What I tried
When we visited Fiji Island for the first time, our decision to have pu pu tray for two ($9.75), a dish we hadn't had for a long time, started the meal on a fun note. This classic, with its miniature hibachi, featured a feast of thickly battered fried oysters, tender chicken pieces, crab rangoon, an egg roll and falling-off-the-bone barbecued spare ribs, which we roasted tableside over an open flame. Next, we ordered tasty soups -- hot and sour and egg drop -- before getting in to our crisp, chilled, crunchy iceberg lettuce salads.
Entrees -- steak Kobe Diane teriyaki and Hong Kong chicken -- followed quickly. Despite an overwhelming quantity of teriyaki sauce, the two precisely cut pieces of steak lacked juiciness and beefy flavor. The golden fried breast of Hong Kong chicken balanced with an assortment of vegetables was excellent.
On another occasion, I had an 8-ounce sirloin steak broiled to order, which came with a nice, large baked potato, but the steak was upsettingly dry. I also enjoyed a substantial taste of the volcano shrimp in a tomato-wine sauce.
Going to Fiji Island for lunch makes good sense -- it's a real bargain. The menu features a wide assortment of dishes similar to the dinner offerings, which are served in abundant portions and at reasonable prices.
My dining companion and I decided to have an order of tasty, tender dumplings with dipping sauce. The six steamed dumplings were juicy and well-seasoned, and the fried ones, like pot stickers, gave crisp and soft textures with each mouthful. Shrimp with vegetables and steamed rice provided a colorful serving brimming with tasty ingredients, while my partner enjoyed a heaping plateful of shrimp lo mein.
Even though cheesecake is a dessert option, neither of us had room for anything more than fortune cookies and a cup of jasmine tea.
Sunday brunch ($7.95) brings two dozen or more items to the hot and cold buffet. Among the offerings are chilled peel-and-eat jumbo shrimp, chicken teriyaki, delicious meatloaf, fried rice, tender golden fried General Tso's chicken in a zesty sauce, sliced beef with green peppers, fresh fruit, chilled lettuce with an assortment of dressings, and desserts.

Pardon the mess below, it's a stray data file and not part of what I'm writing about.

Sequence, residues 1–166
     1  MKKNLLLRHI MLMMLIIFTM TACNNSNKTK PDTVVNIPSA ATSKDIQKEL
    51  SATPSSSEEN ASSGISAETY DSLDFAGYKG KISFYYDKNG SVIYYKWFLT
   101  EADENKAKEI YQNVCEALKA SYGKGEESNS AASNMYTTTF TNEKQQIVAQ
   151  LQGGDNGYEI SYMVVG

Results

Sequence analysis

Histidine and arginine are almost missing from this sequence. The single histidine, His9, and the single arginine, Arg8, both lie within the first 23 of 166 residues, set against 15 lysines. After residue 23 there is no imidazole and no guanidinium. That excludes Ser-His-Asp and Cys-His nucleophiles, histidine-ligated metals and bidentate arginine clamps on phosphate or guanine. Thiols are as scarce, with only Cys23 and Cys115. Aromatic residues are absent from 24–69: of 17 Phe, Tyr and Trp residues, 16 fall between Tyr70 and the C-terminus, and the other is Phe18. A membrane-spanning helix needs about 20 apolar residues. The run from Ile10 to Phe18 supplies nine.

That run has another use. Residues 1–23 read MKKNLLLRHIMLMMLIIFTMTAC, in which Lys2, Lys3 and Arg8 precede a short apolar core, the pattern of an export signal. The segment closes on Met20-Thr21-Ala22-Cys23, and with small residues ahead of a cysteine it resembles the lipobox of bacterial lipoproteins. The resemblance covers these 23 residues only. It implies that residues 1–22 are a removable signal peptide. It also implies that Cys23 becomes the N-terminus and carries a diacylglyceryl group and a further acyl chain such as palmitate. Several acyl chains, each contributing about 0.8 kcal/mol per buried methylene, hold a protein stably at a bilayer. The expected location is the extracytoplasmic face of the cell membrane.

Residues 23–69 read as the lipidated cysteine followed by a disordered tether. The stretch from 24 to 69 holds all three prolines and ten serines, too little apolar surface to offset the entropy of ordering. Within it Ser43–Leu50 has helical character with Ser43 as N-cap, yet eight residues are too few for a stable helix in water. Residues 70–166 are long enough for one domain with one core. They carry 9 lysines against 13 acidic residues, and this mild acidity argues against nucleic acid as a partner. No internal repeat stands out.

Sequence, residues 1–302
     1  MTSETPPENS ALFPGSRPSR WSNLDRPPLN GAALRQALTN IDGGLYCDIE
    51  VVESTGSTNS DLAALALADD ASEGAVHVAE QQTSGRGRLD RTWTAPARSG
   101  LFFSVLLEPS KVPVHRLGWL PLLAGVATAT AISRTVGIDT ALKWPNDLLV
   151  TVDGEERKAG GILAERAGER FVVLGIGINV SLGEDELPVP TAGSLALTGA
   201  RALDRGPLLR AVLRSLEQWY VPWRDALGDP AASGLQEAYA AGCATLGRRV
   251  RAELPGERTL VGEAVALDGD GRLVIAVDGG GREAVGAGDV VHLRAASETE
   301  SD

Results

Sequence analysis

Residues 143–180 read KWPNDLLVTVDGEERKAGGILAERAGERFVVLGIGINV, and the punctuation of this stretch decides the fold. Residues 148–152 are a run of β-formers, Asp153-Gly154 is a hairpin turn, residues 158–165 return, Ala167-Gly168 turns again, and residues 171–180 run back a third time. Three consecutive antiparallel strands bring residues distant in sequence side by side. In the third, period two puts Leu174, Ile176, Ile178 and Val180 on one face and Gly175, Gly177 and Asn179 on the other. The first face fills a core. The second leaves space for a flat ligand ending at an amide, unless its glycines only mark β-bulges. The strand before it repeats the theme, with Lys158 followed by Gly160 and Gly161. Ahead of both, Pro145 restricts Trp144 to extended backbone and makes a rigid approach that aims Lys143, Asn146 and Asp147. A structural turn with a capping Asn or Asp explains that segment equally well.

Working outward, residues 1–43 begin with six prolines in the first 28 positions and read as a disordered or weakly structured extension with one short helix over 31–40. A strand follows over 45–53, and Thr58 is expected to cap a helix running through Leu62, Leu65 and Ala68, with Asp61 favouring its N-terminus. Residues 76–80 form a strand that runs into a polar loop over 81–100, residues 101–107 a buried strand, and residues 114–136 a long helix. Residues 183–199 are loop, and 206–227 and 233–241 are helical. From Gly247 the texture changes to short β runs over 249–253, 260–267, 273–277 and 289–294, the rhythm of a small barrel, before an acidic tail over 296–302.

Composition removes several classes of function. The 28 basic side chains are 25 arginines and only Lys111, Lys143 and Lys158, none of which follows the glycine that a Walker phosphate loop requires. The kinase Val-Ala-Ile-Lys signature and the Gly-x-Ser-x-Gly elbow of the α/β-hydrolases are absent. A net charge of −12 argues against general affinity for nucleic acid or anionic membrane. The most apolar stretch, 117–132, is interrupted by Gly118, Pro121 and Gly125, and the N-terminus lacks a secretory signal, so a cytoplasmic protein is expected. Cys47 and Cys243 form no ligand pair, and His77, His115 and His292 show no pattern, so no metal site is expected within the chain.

Not to be picky, but ...
Lack of attention by the staff does a disservice to the Sunday buffet and patrons, with the mostly empty chafers looking forlorn for some time before being replenished. The overcooked, watery vegetable assortment disappointed me tremendously.
During my trips to Japan, I relished the sensuous texture and flavor of Kobe beef, an exceptional grade raised in the port city of Kobe. Fiji Island's menu lists "Kobe beef teriyaki," an inaccurate name. When I spoke to Charles Chang about this, he explained: "The meat is locally bought beef tenderloin, but not the very special Kobe beef. I will correct the menus to read 'Kobe-style beef' instead."
The next time I go ...
I am looking forward to having the Hunan-style shrimp and pork with chili sauce and shredded pork with spicy black bean sauce. This combination brings together some of my favorite ingredients in a single dish.
The bottom line
Over the years, Fiji Island has developed a loyal group of fans who appreciate the Chinese and cross-cultural Polynesian influenced preparations served in abundant portions at reasonable prices. It's an unusual and fun dining experience at "The Fiji."